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Vol. 16, no. 3
June/July 2013

 

Flight Instructor 
Story by Sonny Ganaden
Photos by Greg Vaughn

 

Ryan Shimabukuro hunches forward,
completely focused on the body flying toward him. On the ice is Heather Richardson, the fastest female speed skater in the world. She “strokes” down the marble-white slick like a real-life superhero in a Lycra bodysuit, red hair blown parallel to the ice. Ryan’s standing on skates at the outside of the turn, and he barely raises his voice as she flies towards him at thirty mph. “Don’t get edgy,” he says. The silver glove on her left hand hovers an inch above the ice as she accelerates through the turn, cross-stepping in loose, strong strokes. A blink and she’s gone, ripping a Heather Richardson-size gust of wind behind her.

 

“Good job last run,” says Ryan as Heather glides back toward him after her sprint. “If you do four sprints during practice, just do the last one full out. Then a little time in the weight room.” Ryan next heads over to the track to work with Brittney Bowe, who’s doing squats with her waist tethered to the bleachers by a rubber cable. Ryan presses a Whiffle ball bat to the inside of her knee. “If you feel pressure as you come down, your knee is coming in a bit,” he tells her as she focuses on perfecting her one-legged squat.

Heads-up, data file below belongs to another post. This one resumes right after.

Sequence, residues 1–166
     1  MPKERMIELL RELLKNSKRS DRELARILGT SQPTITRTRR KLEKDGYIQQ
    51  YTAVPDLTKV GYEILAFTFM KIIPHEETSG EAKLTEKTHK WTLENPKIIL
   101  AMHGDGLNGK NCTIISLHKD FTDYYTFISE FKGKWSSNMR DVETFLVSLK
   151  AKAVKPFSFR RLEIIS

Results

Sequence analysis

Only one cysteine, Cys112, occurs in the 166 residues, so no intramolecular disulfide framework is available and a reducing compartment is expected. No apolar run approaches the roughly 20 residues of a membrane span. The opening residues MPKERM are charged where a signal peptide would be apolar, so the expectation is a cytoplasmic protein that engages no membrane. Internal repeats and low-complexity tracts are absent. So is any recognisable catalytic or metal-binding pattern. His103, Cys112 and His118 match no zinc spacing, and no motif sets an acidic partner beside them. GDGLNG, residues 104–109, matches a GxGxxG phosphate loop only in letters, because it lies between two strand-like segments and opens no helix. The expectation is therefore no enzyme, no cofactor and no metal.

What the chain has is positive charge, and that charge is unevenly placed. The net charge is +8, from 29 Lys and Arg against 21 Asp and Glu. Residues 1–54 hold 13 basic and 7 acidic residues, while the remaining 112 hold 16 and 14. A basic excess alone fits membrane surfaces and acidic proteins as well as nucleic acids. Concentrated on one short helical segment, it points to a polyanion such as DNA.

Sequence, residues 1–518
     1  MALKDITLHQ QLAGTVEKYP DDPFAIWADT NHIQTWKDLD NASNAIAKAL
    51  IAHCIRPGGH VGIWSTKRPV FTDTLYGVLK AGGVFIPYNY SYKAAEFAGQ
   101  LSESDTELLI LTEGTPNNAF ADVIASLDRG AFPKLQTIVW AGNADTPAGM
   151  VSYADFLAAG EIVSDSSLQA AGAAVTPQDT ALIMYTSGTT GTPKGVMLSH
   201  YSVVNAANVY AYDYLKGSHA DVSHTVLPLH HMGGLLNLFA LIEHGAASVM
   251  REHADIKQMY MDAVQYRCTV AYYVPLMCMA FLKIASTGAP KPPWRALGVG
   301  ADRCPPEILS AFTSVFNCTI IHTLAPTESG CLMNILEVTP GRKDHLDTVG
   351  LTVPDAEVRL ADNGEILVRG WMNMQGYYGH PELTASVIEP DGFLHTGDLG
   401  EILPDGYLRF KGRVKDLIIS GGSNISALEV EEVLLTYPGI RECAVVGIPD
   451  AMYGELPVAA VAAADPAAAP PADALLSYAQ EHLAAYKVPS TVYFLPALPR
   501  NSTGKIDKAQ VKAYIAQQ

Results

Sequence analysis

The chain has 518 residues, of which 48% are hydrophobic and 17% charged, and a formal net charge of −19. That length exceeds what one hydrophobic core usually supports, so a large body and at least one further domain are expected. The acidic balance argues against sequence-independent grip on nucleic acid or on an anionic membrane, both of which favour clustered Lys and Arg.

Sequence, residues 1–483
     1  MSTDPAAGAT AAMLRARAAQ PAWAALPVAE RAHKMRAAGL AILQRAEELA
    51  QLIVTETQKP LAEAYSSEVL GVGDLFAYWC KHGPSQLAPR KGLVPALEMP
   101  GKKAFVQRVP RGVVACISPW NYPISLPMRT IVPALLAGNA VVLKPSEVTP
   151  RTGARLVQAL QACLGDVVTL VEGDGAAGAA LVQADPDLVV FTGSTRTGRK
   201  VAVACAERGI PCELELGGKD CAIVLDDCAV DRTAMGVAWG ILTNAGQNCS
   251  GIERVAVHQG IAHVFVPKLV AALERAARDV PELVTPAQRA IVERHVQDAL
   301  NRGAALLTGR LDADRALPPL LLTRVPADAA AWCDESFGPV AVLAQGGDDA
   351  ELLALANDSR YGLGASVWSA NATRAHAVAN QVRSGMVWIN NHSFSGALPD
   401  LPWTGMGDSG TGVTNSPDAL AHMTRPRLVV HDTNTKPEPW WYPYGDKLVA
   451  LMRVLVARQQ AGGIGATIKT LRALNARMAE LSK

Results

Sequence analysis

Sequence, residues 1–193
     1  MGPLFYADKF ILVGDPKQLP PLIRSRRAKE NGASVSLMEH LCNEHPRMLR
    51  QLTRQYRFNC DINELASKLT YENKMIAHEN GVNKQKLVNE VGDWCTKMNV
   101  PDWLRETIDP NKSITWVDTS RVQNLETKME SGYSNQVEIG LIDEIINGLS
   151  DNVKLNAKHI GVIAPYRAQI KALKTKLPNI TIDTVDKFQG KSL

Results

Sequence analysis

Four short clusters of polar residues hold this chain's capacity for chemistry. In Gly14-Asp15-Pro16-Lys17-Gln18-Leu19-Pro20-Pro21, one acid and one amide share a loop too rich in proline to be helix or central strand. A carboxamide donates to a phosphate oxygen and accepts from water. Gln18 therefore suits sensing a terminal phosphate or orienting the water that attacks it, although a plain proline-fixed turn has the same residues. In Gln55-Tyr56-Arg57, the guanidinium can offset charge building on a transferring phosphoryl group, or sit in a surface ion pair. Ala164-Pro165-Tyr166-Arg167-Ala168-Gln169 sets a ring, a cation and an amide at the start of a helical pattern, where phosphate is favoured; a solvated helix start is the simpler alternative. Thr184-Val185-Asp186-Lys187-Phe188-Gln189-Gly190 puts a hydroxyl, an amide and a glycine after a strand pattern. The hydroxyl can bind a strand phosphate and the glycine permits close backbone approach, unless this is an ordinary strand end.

“Every skater has different cues,” Ryan says. “It takes a few years to get to know each athlete and how to make her go faster than she thought she could.” But if anyone can encourage an athlete to break her personal barriers, it’s Ryan. He has been the US speed skating sprint team head coach for the last eleven years. His skaters have earned 144 international medals, including four Olympic medals, making Ryan one of the longest-serving and most successful American Olympic coaches of the modern era in any sport. “There are two things that are tough at this level,” he says. “I have to communicate similar things in ways that each athlete will respond to. It’s also tough to get athletes ready for competition and know how to get them ready every time.” It doesn’t hurt his chances, though, that the sport he happens to coach is an adrenaline junkie’s dream. “This sport is addicting,” he smiles. “Who doesn’t like to go fast?”

 


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